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Published on Mar 7, 2012
In a new report titled "Reaching New Heights: The Case for Measuring Women's Empowerment," CARE sounds the call for gathering more evidence in the movement to empower women and girls worldwide.
It does so by highlighting the astounding results of SHOUHARDO, a program to reduce malnutrition among more than 2 million of the poorest people in Bangladesh. Researchers wondered how child stunting, a measure of the shortfall in growth due to malnutrition, could have plummeted 28 percent in less than four years, even amid a crop-crushing cyclone and food price spikes. By pouring through detailed data collected under SHOUHARDO they had one clear answer: women's empowerment.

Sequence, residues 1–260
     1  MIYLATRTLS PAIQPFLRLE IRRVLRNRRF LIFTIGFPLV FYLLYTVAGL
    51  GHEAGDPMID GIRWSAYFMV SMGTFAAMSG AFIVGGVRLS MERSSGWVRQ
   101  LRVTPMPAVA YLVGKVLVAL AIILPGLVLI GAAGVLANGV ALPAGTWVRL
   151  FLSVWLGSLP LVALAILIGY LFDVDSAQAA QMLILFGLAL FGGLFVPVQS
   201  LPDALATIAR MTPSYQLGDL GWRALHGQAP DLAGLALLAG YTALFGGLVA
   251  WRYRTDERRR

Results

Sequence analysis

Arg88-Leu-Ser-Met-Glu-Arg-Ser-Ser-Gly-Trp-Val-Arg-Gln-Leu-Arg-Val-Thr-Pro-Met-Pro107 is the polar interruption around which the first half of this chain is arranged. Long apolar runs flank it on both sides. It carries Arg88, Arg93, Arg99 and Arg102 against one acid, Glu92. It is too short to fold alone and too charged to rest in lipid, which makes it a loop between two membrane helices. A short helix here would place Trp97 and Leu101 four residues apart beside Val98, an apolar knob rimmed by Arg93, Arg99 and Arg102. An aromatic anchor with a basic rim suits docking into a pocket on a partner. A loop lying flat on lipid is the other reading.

Researchers found that women who participated in empowerment interventions to help them fight sexual harassment, move about their communities more freely and gain a greater say in household decisions were less likely to have stunted children than women who only received direct nutrition interventions such as regular food rations. In other words, the children of empowered women actually grew taller.